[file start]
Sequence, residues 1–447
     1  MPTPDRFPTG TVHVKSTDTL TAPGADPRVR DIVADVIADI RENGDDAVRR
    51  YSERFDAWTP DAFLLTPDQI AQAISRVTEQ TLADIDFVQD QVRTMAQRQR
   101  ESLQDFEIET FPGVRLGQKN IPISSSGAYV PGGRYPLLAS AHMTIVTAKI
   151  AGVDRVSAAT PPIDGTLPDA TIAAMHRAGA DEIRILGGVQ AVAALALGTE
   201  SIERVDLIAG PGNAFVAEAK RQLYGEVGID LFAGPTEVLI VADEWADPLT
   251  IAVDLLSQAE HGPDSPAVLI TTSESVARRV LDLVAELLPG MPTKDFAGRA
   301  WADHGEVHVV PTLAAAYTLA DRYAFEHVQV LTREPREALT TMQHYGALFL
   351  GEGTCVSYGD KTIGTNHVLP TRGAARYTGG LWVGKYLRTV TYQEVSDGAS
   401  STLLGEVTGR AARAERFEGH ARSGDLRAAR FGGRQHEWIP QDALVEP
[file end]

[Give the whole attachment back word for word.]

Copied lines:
Sequence, residues 1–447
     1  MPTPDRFPTG TVHVKSTDTL TAPGADPRVR DIVADVIADI RENGDDAVRR
    51  YSERFDAWTP DAFLLTPDQI AQAISRVTEQ TLADIDFVQD QVRTMAQRQR
   101  ESLQDFEIET FPGVRLGQKN IPISSSGAYV PGGRYPLLAS AHMTIVTAKI
   151  AGVDRVSAAT PPIDGTLPDA TIAAMHRAGA DEIRILGGVQ AVAALALGTE
   201  SIERVDLIAG PGNAFVAEAK RQLYGEVGID LFAGPTEVLI VADEWADPLT
   251  IAVDLLSQAE HGPDSPAVLI TTSESVARRV LDLVAELLPG MPTKDFAGRA
   301  WADHGEVHVV PTLAAAYTLA DRYAFEHVQV LTREPREALT TMQHYGALFL
   351  GEGTCVSYGD KTIGTNHVLP TRGAARYTGG LWVGKYLRTV TYQEVSDGAS
   401  STLLGEVTGR AARAERFEGH ARSGDLRAAR FGGRQHEWIP QDALVEP